Of course, the effects were not just limited to one agreement. In the Comprehensive Economic Trade Agreement (CETA), another agreement between Canada and Europe, similar concerns were raised over the overly restrictive copyright provisions thanks to a leaked copy that surfaced online. In light of the defeat of ACTA, John Clancy swiftly denied that the contents of the leaked document was basically a duplicate of the rejected ACTA and said that the contents of the leaked document do not reflect the current version of CETA. No doubt, there may have been internal fears that the momentum against pro-corporation/anti-consumer copyright laws would spill over into other agreements.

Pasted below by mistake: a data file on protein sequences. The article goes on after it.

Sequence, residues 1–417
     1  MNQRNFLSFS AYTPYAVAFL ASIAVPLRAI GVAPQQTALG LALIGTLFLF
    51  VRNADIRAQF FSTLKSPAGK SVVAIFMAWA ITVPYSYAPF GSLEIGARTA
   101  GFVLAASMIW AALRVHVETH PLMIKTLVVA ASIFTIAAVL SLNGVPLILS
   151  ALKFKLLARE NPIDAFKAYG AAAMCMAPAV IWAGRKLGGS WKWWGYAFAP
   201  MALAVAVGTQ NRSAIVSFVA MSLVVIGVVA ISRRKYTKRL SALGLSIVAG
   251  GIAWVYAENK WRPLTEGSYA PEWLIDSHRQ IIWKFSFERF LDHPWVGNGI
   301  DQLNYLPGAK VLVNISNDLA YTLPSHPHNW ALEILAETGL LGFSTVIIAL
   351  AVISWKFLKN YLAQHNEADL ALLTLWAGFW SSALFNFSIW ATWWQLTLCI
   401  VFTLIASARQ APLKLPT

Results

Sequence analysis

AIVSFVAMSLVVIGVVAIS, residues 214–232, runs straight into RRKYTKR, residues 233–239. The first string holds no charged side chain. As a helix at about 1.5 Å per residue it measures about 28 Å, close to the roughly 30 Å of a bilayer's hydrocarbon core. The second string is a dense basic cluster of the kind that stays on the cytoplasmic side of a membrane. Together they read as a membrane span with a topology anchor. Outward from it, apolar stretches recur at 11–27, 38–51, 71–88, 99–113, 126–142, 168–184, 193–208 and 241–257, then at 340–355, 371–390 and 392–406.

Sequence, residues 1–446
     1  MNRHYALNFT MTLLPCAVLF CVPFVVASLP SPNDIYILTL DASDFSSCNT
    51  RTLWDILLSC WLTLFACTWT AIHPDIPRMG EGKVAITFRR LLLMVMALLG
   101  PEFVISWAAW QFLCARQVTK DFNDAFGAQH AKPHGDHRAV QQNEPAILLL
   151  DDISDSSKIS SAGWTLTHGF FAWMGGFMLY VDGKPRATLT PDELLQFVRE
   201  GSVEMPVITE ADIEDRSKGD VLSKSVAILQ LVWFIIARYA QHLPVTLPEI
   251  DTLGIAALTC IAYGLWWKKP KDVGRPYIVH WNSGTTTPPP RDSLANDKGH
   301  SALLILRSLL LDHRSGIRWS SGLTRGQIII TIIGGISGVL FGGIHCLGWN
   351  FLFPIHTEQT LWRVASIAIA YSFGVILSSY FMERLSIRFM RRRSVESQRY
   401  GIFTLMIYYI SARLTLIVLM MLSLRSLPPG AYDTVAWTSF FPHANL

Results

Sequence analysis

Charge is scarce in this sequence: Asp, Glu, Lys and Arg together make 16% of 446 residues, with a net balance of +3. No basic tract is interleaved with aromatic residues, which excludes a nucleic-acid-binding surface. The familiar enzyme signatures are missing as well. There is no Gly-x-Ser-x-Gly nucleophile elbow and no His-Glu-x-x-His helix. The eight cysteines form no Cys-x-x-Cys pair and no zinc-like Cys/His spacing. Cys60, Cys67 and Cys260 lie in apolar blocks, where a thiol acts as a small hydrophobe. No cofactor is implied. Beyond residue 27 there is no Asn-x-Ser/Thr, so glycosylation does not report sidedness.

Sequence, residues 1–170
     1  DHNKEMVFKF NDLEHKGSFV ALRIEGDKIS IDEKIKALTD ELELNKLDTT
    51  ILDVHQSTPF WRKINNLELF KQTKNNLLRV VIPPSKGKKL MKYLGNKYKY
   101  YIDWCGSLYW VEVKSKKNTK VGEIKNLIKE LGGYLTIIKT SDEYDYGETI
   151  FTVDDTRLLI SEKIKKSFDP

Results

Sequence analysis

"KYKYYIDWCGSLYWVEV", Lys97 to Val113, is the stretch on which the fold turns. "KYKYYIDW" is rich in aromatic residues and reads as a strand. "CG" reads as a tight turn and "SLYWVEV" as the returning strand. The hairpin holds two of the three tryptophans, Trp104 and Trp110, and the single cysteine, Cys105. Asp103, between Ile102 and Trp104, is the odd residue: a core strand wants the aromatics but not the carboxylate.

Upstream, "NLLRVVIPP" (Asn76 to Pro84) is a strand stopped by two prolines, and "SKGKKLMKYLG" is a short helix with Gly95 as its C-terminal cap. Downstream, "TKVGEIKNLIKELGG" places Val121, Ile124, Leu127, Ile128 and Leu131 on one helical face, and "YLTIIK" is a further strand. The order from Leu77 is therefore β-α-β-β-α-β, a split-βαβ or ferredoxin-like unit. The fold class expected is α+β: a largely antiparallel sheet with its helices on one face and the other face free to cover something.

The TPP was certainly not spared either. Amongst many advocates for balanced copyright laws, the TPP was seen as largely a wishlist of everything corporate entities ever wanted in a copyright law – a three strikes law and site blocking to name two possibilities that were so vigorously fought against around the world with varying degrees of success in different countries. Many say that the defeat of ACTA triggered some serious scrambling by negotiators to retool the copyright provisions within the agreement. The natural fear, of course, is a similar backlash hitting the TPP over concerns of overly restrictive copyright laws. So, in response, US negotiators said that they were adding in consumer protections to the agreement as well. It was pretty obvious that the US wanted to quell fears in an effort to take some heat off of the TPP.